# Taylor Mechanics Section 3.2

• Bashyboy
In summary, the section discusses the momentum of a moving rocket with a changing mass. It explains that at time t, the momentum of the rocket is P(t) = mv and at a short time later t+dt, the mass is (m + dm) and the momentum is (m+dm)(v+dv). The ejected fuel has a negative mass (-dm) and a velocity v - vex. The total momentum at t+dt is calculated by subtracting the momentum of the fuel from the rocket's momentum. However, the book does not account for the momentum of the fuel at time t, which can be represented as (m+dm)v - (dm)v. This is because before the fuel burns, it has

#### Bashyboy

Hello,

I am reading section 3.2, concerning the analyzation of a moving rocket with a changing mass. (I couldn't find a preview of the book in google books, so hopefully someone out there has this textbook.) Here is an except from the book, but be warned that I am adding notes in brackets:

"At time t, the momentum [of the rocket] is P(t) = mv [m and v are the mass and velocity of the rocket at time t]. A short time later at t + dt, the rockets mass is (m + dm), where dm is negative, and its momentum is (m+dm)(v+dv). The fuel ejected in the time dt has mass (-dm) and velocity v - vex [v is the velocity of the rocket as viewed by some stationary person on earth, and vex is rate at which the fuel flows out, relative to the rocket]. Thus, the total momentum (rocket plus the fuel just ejected) at t + dt is
P(t+dt) = (m + dm)(v+dv) - dm(v - vex)."

As one might notice, as I did, they accounted for the momentum of the fuel at time t+dt, which is - dm(v - vex) (there's a negative because the momentum is in the opposite direction); but at time t, they did not, for the expression is P(t) = mv. Where is the momentum term for the fuel at time t?

Bashyboy said:
Where is the momentum term for the fuel at time t?

Before it burns, the fuel has the same velocity as the rocket, so its momentum is part of the P(t) = mv.

You could write
(m+dm)v - (dm)v
if you really want to separate out "the momentum of the fuel of mass -dm that you are going to burn next" and "the momentum of everything else". But of course (m+dm)v - (dm)v = mv.

Isn't the velocity of the fuel at any instant v - vex?

The fuel has velocity v before it burns, and v - vex after it burns.

At time t, the bit of fuel with mass dm hasn't burned yet. At time t+dt, it has burned.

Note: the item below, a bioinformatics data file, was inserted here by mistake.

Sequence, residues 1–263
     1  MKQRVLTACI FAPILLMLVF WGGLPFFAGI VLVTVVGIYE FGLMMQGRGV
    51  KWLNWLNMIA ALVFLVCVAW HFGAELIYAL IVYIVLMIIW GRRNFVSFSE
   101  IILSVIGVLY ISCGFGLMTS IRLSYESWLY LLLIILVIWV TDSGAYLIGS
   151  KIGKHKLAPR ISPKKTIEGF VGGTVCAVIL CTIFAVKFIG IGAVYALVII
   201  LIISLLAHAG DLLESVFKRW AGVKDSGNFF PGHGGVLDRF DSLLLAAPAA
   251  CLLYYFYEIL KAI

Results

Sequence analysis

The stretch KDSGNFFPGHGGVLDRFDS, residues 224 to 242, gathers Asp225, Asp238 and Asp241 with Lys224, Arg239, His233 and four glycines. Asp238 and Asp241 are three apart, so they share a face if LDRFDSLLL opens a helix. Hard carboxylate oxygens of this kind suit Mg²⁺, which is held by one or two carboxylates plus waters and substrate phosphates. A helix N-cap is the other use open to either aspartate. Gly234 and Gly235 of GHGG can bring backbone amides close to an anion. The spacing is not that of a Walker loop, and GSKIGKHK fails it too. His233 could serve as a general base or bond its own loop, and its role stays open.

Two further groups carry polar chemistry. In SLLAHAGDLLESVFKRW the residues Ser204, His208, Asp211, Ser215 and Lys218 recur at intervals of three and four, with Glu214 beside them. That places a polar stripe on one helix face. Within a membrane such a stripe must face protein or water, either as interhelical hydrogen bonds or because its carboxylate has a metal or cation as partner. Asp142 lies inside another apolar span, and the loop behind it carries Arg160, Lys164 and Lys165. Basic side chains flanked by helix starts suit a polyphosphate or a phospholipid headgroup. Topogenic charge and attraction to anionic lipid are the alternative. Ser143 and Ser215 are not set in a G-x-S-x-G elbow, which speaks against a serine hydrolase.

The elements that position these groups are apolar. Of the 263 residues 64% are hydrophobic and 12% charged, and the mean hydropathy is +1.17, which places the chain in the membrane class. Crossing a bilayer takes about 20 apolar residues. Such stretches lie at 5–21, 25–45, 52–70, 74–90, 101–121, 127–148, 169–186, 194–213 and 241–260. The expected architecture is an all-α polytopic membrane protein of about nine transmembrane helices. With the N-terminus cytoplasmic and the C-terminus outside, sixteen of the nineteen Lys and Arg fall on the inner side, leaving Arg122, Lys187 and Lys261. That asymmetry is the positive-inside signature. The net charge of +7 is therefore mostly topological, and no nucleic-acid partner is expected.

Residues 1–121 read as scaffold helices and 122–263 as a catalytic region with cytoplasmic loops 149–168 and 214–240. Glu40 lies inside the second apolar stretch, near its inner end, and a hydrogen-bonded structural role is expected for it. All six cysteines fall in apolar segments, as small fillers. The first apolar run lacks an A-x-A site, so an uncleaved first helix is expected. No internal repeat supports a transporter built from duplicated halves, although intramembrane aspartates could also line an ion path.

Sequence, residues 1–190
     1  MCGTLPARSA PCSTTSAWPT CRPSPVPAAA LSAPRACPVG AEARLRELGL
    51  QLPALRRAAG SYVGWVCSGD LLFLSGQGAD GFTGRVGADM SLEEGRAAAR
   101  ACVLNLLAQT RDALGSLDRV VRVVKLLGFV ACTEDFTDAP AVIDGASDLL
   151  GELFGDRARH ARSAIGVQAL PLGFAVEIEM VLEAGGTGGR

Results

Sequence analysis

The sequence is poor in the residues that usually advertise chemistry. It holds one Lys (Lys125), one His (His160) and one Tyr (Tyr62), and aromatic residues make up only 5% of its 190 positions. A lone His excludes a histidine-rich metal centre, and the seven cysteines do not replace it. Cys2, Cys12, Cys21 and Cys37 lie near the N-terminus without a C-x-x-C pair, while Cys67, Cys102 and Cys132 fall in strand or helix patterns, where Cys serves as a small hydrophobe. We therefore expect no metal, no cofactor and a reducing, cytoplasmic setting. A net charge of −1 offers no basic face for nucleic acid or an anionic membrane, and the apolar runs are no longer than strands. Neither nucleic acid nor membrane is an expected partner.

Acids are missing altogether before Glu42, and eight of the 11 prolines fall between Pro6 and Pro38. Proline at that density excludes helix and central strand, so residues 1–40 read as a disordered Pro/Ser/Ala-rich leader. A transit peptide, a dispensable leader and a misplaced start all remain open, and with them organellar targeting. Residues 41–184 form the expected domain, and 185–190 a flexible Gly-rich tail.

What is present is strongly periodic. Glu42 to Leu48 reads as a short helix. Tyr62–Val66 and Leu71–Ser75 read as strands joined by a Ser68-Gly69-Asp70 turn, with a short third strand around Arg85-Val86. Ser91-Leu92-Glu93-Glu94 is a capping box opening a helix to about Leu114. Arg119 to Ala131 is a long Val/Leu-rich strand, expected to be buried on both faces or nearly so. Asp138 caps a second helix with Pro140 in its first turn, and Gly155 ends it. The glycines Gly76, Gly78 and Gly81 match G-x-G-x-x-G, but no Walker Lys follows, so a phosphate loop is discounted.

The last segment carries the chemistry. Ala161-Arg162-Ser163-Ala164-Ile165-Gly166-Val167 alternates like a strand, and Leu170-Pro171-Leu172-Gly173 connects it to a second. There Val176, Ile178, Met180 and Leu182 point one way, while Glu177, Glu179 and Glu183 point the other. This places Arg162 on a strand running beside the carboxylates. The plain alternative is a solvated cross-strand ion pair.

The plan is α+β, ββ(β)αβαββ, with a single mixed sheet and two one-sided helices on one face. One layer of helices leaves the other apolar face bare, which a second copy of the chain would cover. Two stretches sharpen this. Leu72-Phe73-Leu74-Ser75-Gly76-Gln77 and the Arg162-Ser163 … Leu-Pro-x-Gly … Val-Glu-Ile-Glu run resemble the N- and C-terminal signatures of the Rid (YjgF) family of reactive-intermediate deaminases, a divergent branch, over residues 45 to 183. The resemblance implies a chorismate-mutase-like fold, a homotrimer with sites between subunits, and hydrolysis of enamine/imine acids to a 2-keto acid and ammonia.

Hello,

Thank you for sharing your thoughts on section 3.2 of the book. It is important to note that the momentum of the fuel at time t is accounted for in the term (v - vex). This term represents the velocity of the fuel relative to the rocket, which is the momentum of the fuel at time t. Additionally, the term -dm represents the change in mass of the rocket due to the fuel being ejected, and is also accounted for in the total momentum at time t + dt. This is a common approach in physics when dealing with systems where the mass is changing, as it allows for a more accurate analysis of the overall momentum. I hope this helps to clarify any confusion.

## 1. What is the main concept of Taylor Mechanics Section 3.2?

The main concept of Taylor Mechanics Section 3.2 is the study of motion and forces in a system using the principles of Newton's laws of motion and conservation of energy.

## 2. How does Taylor Mechanics Section 3.2 differ from other sections?

Taylor Mechanics Section 3.2 specifically focuses on the application of Newton's laws and energy conservation to problems involving systems of particles, rather than single particles.

## 3. What are some common topics covered in Taylor Mechanics Section 3.2?

Some common topics covered in Taylor Mechanics Section 3.2 include equilibrium, friction, circular motion, and work and energy.

## 4. How can I apply the concepts learned in Taylor Mechanics Section 3.2 to real-world situations?

The concepts learned in Taylor Mechanics Section 3.2 can be applied to real-world situations such as analyzing the forces and motion of objects in machines, understanding the physics behind sports and games, and predicting the behavior of celestial bodies.

## 5. What are some recommended resources for further studying Taylor Mechanics Section 3.2?

Some recommended resources for further studying Taylor Mechanics Section 3.2 include textbooks, online lecture videos, practice problems and solutions, and interactive simulations or demonstrations.

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